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  1. #21
    Awaiting Enlightenment R2x1's Avatar
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    Default Re: A question for the train enthusiasts out there

    Quote Originally Posted by Neil F View Post
    Slightly different take. When I was young (1960) there were railcars. I travelled on several e.g. Gisborne to Wairoa.(In UISA they were called ,I think, Streamliners. To the best olf my knowledge they only carried people -not freight Can anyone advise why railcars were discontinued? .
    If they were lying in the grass, they were probably just old rails that had been put out to pasture?
    Entropy is not what
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  2. #22

    Default Re: A question for the train enthusiasts out there

    Quote Originally Posted by Neil F View Post
    Slightly different take. When I was young (1960) there were railcars. I travelled on several e.g. Gisborne to Wairoa.(In UISA they were called ,I think, Streamliners. To the best olf my knowledge they only carried people -not freight Can anyone advise why railcars were discontinued? .
    They had a luggage compartment at the rear. I think that they carried small parcels as well. Certainly they delivered newspapers. I travelled between Ward (80km south of Blenheim) to boarding school at Rangiora (just north of Christchurch.) That trip took most of the day.

    I understand that they were discontinued because many more people were travelling by car as car ownership increased and the roads improved.

    Do you remember the sign they had in the toilet? "Please do not flush the toilet while the train is standing in the station." The reason? The outlet from the toilet went straight down onto the line. So it could become a bit smelly. I don't think that I would want to be a member of the track gang in those days. They certainly would not get away with that sort of thing in this century. These days long distance passenger trains have a holding tank, thank goodness.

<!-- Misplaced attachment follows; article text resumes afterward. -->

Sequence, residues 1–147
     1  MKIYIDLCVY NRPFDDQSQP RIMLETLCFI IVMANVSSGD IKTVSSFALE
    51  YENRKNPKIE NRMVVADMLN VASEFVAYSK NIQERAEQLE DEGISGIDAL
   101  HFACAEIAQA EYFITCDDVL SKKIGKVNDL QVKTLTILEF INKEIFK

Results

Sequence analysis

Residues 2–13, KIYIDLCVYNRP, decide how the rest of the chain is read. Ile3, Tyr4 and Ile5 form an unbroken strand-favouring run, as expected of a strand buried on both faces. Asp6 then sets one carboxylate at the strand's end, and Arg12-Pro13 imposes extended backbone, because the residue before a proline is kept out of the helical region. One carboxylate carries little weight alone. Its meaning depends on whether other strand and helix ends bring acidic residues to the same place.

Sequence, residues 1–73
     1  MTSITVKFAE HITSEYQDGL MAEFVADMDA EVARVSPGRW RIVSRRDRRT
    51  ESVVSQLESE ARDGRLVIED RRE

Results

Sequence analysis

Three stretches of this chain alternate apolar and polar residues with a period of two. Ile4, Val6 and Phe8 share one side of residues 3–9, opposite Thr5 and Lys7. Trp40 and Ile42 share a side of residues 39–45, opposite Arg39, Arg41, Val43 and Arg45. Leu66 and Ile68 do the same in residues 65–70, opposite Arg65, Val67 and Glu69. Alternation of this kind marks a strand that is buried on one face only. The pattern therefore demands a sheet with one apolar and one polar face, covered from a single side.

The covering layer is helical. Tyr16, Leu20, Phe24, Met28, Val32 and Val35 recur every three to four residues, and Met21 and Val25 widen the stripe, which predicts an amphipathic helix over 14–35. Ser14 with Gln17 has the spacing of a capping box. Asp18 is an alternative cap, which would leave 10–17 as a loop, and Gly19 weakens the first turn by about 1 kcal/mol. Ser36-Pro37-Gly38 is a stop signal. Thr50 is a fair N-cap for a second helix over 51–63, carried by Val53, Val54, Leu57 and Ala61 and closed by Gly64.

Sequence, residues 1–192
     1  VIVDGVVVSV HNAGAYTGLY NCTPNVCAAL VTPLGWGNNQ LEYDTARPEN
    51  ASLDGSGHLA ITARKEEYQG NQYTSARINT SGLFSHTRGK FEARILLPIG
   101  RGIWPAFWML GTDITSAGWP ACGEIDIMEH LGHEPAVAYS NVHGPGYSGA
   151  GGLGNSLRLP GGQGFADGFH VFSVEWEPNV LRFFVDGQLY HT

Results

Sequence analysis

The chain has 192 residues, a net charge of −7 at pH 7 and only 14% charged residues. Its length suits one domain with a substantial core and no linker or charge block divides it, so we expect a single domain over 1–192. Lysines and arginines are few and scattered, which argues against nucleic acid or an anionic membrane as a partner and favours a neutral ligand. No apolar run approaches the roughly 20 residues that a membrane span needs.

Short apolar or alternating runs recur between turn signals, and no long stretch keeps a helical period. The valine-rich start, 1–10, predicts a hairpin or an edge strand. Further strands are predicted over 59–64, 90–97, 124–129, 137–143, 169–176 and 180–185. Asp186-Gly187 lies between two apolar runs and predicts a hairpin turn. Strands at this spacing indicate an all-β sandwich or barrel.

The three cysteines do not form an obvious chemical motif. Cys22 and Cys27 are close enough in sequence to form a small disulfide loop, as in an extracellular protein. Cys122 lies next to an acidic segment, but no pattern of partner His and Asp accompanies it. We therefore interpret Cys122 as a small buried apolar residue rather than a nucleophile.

It is better to wear out than to rust out.
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  3. #23

    Default Re: A question for the train enthusiasts out there

    Another question for those wise ones out there: All trains have a red flashing, warning (?) light on the last carriage. Why is that? It's not as if there is any other train anywhere near the rear of the train.

    The railway main trunk is divided up into blocks and only one train is permitted in a block at a time and to enter a block the train driver needs a track warrant (issued by control) which gives them permission to be in a particular block and no other train is allowed in that block while they are there. The only time one train sees another is on the passing loops and on parts of the main trunk where the lines are doubled up and so for safety trains are kept apart, so unless they are passing I doubt very much that one train would be anywhere behind another train and if they were in a position where they could see the rear of another train they would be on a line beside - not behind - that train.

    So I just do not know why there would be a flashing light on the rear of a train. Hopefully there is a train enthusiast out there who can elucidate me. Thank you.
    It is better to wear out than to rust out.
    - Richard Chamberlain, Tour of the Hebrides

    Us husbands are a sorry lot.

  4. #24
    Short Member pcuser42's Avatar
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    Default Re: A question for the train enthusiasts out there

    Quote Originally Posted by Roscoe View Post
    It's not as if there is any other train anywhere near the rear of the train.
    This is an assumption I've seen hi-rails at least follow a train very closely:

    Click image for larger version. 

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    Locomotives rescuing a broken down train would also need to enter an occupied section.